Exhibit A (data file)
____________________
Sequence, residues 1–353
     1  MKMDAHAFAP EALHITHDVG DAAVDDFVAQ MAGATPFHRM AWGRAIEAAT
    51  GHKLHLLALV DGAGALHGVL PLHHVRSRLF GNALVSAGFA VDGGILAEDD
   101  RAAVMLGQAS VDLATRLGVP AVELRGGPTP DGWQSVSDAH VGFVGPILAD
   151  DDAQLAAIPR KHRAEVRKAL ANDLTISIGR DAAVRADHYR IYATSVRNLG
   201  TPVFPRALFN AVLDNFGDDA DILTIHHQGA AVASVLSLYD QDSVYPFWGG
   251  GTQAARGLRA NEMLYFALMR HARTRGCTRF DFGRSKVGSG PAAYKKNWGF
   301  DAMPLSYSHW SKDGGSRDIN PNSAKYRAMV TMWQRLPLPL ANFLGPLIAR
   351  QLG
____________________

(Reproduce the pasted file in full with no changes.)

Sequence, residues 1–353
     1  MKMDAHAFAP EALHITHDVG DAAVDDFVAQ MAGATPFHRM AWGRAIEAAT
    51  GHKLHLLALV DGAGALHGVL PLHHVRSRLF GNALVSAGFA VDGGILAEDD
   101  RAAVMLGQAS VDLATRLGVP AVELRGGPTP DGWQSVSDAH VGFVGPILAD
   151  DDAQLAAIPR KHRAEVRKAL ANDLTISIGR DAAVRADHYR IYATSVRNLG
   201  TPVFPRALFN AVLDNFGDDA DILTIHHQGA AVASVLSLYD QDSVYPFWGG
   251  GTQAARGLRA NEMLYFALMR HARTRGCTRF DFGRSKVGSG PAAYKKNWGF
   301  DAMPLSYSHW SKDGGSRDIN PNSAKYRAMV TMWQRLPLPL ANFLGPLIAR
   351  QLG